5 Ways to Follow Up After a Job Interview


Interview follow up image

Landed an interview at a company? Congrats! Dedicated time to research the role and prepare questions to ask your interviewer? Smart! Assuming they will let you know what happens next? Nope.

Following up after your meeting matters almost as much as the interview itself, and yet many people opt to do nothing for fear of making the wrong move.

But doing nothing is the wrong move because it increases your chances of being forgotten. With the right tactics, you will stay top of mind, and impress the hiring manager.

These five tips will help you follow up tactfully and effectively after your next interview:

1. Ask about next steps during the interview.

While working as a recruiter, I was always shocked by how few people ask about next steps during the interview. When you get to the end of your interview, it is not only appropriate but necessary to ask about what comes next—it shows that you’re committed to the process and proactive about your responsibilities. If the interviewer tells you that they just started the interview process and will make a decision within the next two weeks, you can put your mind at ease if you don’t hear anything for a few days. Remember that recruiters are working with all of the different schedules of the interviewee and the interviewers, which can slow down the process. Or sometimes the hiring manager gets called out of the office for a few days, and making a hire gets bumped down the priority list.

Whatever the case, it’s always good to clarify timelines during this “next steps” stage so that you know what to expect and can plan on following up accordingly.

2. Send a thank you note, ASAP.

This is a tip that is given over and over again. Why? Because it works. Make sure you send your note within 24 hours—it shows your excitement about the company and the role, and confirms that the interview went well. An email is perfectly acceptable (no need for snail mail!), but avoid going through the motions—employers will see right through a generic note. Instead, tailor your message to the specific interviewer and company by including the following:

    • Your appreciation for the meeting (here’s where you say “thanks!”)
    • Name 2-3 specific items you discussed during the interview
    • Why you are excited about the opportunity
    • A brief explanation about why you’d be a good fit for the job

3. Connect with your interviewer on LinkedIn.

If you haven’t done this already, do so now. Not only does it give the interviewer another look at your experience and recommendations, but it’s also a way to further showcase your interest in the job/company/industry. Follow the company you’re interviewing for, and share interesting articles about the industry.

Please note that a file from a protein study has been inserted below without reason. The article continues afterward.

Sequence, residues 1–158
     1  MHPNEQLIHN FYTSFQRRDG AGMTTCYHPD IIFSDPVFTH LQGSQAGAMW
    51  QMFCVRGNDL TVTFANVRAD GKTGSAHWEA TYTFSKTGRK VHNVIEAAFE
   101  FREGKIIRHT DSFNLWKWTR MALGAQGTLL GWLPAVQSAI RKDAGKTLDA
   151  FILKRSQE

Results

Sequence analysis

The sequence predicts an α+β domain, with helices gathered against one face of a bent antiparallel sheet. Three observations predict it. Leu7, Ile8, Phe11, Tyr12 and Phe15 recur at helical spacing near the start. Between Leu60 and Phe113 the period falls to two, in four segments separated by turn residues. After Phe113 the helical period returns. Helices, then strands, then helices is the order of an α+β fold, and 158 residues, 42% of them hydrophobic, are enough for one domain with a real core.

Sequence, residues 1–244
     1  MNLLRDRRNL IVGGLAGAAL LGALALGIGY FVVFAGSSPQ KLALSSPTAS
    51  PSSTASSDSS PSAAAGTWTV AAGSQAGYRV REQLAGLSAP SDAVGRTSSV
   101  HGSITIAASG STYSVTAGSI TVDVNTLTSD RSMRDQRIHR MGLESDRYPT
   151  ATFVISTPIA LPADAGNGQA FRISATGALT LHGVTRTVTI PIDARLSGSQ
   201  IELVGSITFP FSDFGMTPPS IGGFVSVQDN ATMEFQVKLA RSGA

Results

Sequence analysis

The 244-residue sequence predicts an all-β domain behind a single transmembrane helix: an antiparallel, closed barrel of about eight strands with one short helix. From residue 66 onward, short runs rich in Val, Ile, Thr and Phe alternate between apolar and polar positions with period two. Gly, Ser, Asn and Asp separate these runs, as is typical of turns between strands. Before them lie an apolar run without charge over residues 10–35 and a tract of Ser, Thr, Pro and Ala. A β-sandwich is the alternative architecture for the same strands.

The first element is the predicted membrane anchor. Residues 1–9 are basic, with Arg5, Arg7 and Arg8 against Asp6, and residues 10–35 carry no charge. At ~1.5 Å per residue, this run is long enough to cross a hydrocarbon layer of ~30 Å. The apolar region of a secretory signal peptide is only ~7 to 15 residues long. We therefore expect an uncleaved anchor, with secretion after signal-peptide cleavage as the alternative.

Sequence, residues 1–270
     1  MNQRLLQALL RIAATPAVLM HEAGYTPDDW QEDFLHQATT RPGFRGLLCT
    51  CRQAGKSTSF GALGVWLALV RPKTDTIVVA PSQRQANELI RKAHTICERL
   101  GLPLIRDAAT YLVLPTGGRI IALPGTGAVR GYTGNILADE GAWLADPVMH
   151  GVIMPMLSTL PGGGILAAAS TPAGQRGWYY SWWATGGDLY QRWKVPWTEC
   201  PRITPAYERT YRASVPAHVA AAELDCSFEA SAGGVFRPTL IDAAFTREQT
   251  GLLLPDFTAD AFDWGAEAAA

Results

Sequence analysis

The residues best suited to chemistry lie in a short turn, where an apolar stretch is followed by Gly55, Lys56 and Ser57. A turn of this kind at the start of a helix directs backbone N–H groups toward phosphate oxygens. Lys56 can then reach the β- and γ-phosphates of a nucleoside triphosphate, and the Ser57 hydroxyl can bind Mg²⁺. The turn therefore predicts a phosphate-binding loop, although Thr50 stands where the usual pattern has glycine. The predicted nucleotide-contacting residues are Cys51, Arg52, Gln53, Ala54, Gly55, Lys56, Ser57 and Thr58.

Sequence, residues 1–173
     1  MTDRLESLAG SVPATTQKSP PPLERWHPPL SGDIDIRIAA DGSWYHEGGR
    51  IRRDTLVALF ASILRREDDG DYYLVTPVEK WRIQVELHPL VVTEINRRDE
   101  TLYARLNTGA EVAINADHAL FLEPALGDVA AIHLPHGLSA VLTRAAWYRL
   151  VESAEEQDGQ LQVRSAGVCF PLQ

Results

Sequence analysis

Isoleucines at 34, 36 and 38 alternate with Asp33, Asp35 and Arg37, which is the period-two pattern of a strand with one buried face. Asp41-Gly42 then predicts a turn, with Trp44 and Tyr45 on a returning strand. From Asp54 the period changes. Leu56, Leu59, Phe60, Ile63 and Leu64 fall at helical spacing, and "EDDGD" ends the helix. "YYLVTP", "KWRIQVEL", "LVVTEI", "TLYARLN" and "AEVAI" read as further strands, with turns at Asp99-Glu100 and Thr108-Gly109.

Regardless of whether you get the job, connecting on LinkedIn is a great way to start building a long-term relationship.

4. Send a second email.

Since you already asked about the decision timeline during your interview (right?!), you have an idea around when it would be appropriate to send a follow-up email. If your potential employer said they would be interviewing candidates for the next week, then send a second email around day 9. And don’t forget to reply promptly if you get a response!

5. Be patient, don’t harass.

I know you’re anxious and the waiting game is the hardest part, but recruiters, HR personnel, hiring managers, etc. are doing more than just waiting to give you a call. The periodic check-in is something many people struggle with since the rules around it are very vague.

After you’ve sent your “official” follow-up email, send periodic check-ins in order to stay engaged with your interviewer. These check-ins are not about asking for something (“So when can I hear about a decision?”) but rather, about offering something of value which naturally keeps you on his or her radar.

Something of value could be an interesting article that circles back to something you two chatted about in your interview or thanking her for some advice she previously gave you that you implemented in some way. Keep the email brief with no ask. Your only goal is to stay on her radar.

When it comes down to it, the interview is more than just the time you spend face-to-face talking to a potential employer. Make sure you’re equally prepared with a post-interview plan and remember that people are busy, so don’t be shy about making an effort to stay on their radar!

Looking for more career support? We can help.

Browse Career Development Courses

Disclaimer: General Assembly referred to their Bootcamps and Short Courses as “Immersive” and “Part-time” courses respectfully and you may see that reference in posts prior to 2023.